Cómo gestionar la fuerza laboral remota más exitosamente

Independencia, autonomía, comodidad y empoderamiento son algunas palabras que aparecen cuando pensamos en el valor de los empleados modernos, en especial cuando trabajan desde sus casas.

Hombre trabajando desde su casa, sentado a la mesa de la cocina con un gato y usando su laptop
Autor Por Equipo de Roll el June 13, 2022
Tiempo de lectura Lectura: 5 min.

Independencia, autonomía, comodidad y empoderamiento son algunas palabras que aparecen cuando pensamos en el valor de los empleados modernos, en especial cuando trabajan desde sus casas.

As we look back on the last two years, around the world, companies were under intense pressure to quickly expand their reliance on distributed, remote teams. Creating this kind of capability wasn't easy. The configuration of turning your living spaces into dedicated workspaces was a necessity for you and your company.

The Coronavirus pandemic catapulted many small business employees into remote work, and it's trending as permanent as 25% of the U.S. workforce works from home full time – and 20% work from home at least part of the time. Let's face it, working from home is desirable for many workers as it cuts commuting times, eliminates the hassle of dressing professionally, and reduces workplace distractions. In addition, it offers more flexibility, an increase in work-life balance, and a slew of other benefits.

Remote work also has a benefit for small business owners like yourself. For one, it's a significant cost saver. Say you own a graphic design agency in New York. You rented a 2,000-square-foot storefront for $5,000 a month (plus utilities) before the pandemic. If you've gone remote, you effectively remove this line item from your profit and loss sheet.

With faster internet speed, more advanced workplace technology, and the rise of open source, there is an enormous opportunity for distributed workforces to grow and work beyond the office borders. Bear the following tips in mind as you embark on managing a remote workforce:

  1. Take the time to hire quality employees at the onset: Look to your professional network as you hire your first employee (or subsequent employees). After you source some qualified leads, get to know them. And before you interview them, prepare the right questions and ask the right questions to ensure you're hiring someone who would thrive in any setting.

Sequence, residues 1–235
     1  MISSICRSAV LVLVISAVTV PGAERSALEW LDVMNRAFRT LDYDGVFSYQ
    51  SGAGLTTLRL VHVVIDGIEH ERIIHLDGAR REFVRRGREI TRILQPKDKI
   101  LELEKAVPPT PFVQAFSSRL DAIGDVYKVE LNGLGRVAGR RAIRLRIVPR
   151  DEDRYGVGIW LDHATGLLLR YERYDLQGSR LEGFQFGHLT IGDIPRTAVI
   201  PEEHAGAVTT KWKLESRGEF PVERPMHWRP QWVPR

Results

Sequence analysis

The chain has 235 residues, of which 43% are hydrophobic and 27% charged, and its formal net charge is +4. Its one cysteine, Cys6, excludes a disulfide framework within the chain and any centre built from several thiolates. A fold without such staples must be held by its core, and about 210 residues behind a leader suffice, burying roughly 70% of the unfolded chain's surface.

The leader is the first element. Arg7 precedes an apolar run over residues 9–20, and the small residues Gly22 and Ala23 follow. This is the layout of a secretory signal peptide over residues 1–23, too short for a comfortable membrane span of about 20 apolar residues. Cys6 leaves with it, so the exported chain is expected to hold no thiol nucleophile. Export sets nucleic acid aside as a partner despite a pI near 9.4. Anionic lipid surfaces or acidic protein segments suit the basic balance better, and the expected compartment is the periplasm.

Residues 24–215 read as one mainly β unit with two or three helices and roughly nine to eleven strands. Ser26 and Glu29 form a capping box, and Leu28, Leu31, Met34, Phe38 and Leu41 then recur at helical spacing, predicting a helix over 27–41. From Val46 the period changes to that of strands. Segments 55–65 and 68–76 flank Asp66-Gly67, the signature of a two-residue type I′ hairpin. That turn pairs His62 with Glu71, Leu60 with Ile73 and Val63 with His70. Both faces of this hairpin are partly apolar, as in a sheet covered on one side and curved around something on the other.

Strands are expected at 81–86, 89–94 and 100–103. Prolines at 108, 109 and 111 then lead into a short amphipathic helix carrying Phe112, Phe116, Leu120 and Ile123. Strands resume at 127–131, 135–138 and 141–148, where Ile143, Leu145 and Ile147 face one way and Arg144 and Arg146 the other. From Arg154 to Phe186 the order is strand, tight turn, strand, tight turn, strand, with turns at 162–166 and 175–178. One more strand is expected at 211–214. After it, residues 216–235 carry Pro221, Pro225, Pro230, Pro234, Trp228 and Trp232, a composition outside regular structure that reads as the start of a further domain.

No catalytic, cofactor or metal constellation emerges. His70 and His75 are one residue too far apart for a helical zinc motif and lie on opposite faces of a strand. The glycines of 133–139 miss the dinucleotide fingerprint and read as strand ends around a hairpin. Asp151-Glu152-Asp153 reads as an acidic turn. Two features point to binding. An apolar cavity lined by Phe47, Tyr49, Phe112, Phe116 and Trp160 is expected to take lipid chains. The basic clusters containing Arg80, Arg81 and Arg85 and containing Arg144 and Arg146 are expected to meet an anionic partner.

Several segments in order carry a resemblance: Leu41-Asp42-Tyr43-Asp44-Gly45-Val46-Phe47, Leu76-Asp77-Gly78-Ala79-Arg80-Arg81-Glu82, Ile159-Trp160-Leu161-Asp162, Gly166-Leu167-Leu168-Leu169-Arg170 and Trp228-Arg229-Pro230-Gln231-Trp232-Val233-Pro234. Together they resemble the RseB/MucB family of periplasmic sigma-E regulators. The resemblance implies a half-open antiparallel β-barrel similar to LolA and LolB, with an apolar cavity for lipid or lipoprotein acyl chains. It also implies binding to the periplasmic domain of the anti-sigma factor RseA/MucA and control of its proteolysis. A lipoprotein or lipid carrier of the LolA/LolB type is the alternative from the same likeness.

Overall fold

2. Communicate Proactively: Not having the ability to walk over to someone's desk to ask them a simple question or follow up, is out the door. The usage of email, phone calls, video calls, slack, and whatever other tools you have at your disposal. Alignment with your team is important on how people want to hear from you and follow those preferences. Also, be mindful of where your team members are located. And of course, be prepared to over-communicate to ensure you and your team members are collaborating effectively.
  3. Offer the right technology: The technology you use in an actual office setting may vary from what's required remotely. Make sure you equip your workers with the proper hardware and internet connection. For example, if you need video meetings or conferences, ensure your employee(s) have a webcam or personal computer equipped with a camera. "Remote workers benefit from having a "richer" technology, such as video conferencing, that gives participants many of the visual cues that they would have if they were face-to-face," says Harvard Business Review. Whether it's HR technology or otherwise, it's critical to adapt your technology offerings to the changing workforce. Some business owners even go as far as to supply comfortable work chairs, a separate monitor, or other things that help their employees be more productive.